The only rea­son the rest of the coun­try has not also seen sim­i­lar suc­cesses is due to the poor sup­port of as­pir­ing and emerg­ing farm­ers by the ANC in power.

Ac­cord­ing to the re­port, of the 78 mil­lion hectares of farm land in South Africa, just 10% has been al­lo­cated to ben­e­fi­cia­ries via re­dis­tri­bu­tion or resti­tu­tion since 1994.

A fur­ther 3.7% of land formed part of claims where com­mu­ni­ties set­tled for fi­nan­cial com­pen­sa­tion in­stead. This is slow go­ing.

In 2017/18, a mea­gre 10 800ha of land was re­dis­tributed to ben­e­fi­cia­ries. To put this into per­spec­tive, Ramaphosa’s own farm, Ntaba Ny­oni, in Mpumalanga, is said to be about 5 000ha.

Fur­ther­more, un­der the land re­form dis­pen­sa­tion, farm­ers do not ac­tu­ally own their farms.

The gov­ern­ment is sup­posed to be leas­ing land to ben­e­fi­cia­ries, which is ba­si­cally the EFF’s land re­form pol­icy.

I say “sup­posed to be” be­cause the ANC-led gov­ern­ment has been slow to hand these out.

In the Western Cape, of the 60 farms ac­quired by the Depart­ment of Ru­ral De­vel­op­ment and Land Re­form through the Proac­tive Land Ac­qui­si­tion Strat­egy, less than half have long-term leases (of 30 years or more). Just 23 have leases in place.

The others have three year or ex­pired leases.

Con­sider the im­pli­ca­tions of this on the busi­ness of farm­ing.

A farmer is un­likely to in­vest their own funds into a piece of land on which they may not be liv­ing in four or five years. It takes at least three years to es­tab­lish an or­chard or a crop.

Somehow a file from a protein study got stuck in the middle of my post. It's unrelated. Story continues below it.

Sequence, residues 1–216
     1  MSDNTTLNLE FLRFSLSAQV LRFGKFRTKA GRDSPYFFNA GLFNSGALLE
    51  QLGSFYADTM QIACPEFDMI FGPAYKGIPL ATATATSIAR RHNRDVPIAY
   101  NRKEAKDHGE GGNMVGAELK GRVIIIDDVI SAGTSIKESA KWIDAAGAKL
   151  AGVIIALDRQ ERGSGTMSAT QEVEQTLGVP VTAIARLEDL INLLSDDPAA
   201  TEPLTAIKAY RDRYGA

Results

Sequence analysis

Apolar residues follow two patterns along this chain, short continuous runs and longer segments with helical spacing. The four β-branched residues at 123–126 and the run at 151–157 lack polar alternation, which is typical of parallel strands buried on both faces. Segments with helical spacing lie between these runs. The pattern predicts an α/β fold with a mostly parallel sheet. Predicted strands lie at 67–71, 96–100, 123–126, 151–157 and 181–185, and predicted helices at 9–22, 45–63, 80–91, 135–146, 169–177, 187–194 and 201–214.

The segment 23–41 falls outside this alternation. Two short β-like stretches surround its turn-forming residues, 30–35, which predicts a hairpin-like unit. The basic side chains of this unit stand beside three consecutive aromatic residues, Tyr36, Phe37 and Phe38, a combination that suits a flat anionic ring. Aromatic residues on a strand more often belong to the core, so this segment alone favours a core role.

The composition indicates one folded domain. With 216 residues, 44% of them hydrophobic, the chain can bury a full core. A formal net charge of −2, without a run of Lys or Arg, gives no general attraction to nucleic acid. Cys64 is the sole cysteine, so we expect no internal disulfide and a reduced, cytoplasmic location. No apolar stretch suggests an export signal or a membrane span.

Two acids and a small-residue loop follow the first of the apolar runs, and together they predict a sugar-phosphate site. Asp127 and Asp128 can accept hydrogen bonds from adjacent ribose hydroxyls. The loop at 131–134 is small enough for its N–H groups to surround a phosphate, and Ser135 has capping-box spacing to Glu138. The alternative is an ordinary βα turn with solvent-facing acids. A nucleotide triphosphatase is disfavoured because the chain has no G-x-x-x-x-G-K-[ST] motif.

Banks and fi­nance in­sti­tu­tions will have pre­cious lit­tle time, let alone fund­ing, for a farmer who does not have se­cu­rity of ten­ure.

This leaves farm­ers re­liant on grant fund­ing, which is nei­ther ideal nor sus­tain­able.

Un­der this sce­nario, there is no hope for as­pir­ing and emerg­ing farm­ers.

If the gov­ern­ment is se­ri­ous about real land re­form, they can start right away by giv­ing the land which they al­ready own to the ben­e­fi­cia­ries which are cur­rently farm­ing on it.

This would be a first step in solv­ing our com­plex land re­form challenge.

Our next step should be to con­duct an ur­gent and ex­ten­sive re­view of land own­er­ship in the coun­try, which to date does not ex­ist, as rec­om­mended in the re­port.

Based on this, large tracts of fal­low gov­ern­ment-owned land can be turned over to emerg­ing farm­ers. Mr Pres­i­dent, you don’t need to change the con­sti­tu­tion to make state land avail­able to peo­ple who want land and hous­ing.

You said this week in Par­lia­ment that the state will rapidly re­lease its own land for re­form. You can start im­me­di­ately: start with the PLAS farms you al­ready own and the vast tracts of mil­i­tary and Transnet land at Yster­plaat, Youngs­field, Wing­field, Culem­borg and Denel in the Cape.

The Western Cape has been ask­ing for this to be done for over a decade, with no re­sponse from na­tional gov­ern­ment. But you can start to­day.

The re­port also rec­om­mends a multi-stake­holder ap­proach. Re­search shows that in many global ex­am­ples of land re­form, it is clear that “gov­ern­ment as an in­sti­tu­tion is not ef­fi­cient enough to im­ple­ment and man­age land re­form on its own nor to in­cen­tivise and man­age food pro­duc­tion and dis­tri­bu­tion.”

For agri­cul­ture to thrive, to trans­form and to en­sure that the food se­cu­rity needs of the coun­try are met, it is im­per­a­tive that ev­ery­one plays a role.

By fol­low­ing these steps, we can im­me­di­ately stem the tide of job losses and the de­cline in in­vest­ment in this sec­tor and put agri­cul­ture on the path to again in­crease its con­tri­bu­tion to our econ­omy.

Winde is pro­vin­cial MEC for eco­nomic op­por­tu­ni­ties.


Grower Brian Jof­fin walks on farm land in Philippi. The au­thor ar­gues that the large tracts of state-owned land ly­ing fal­low can be turned over to emerg­ing farm­ers, and the pres­i­dent doesn’t need to change the Con­sti­tu­tion to make this avail­able to peo­ple cry­ing out for land and hous­ing.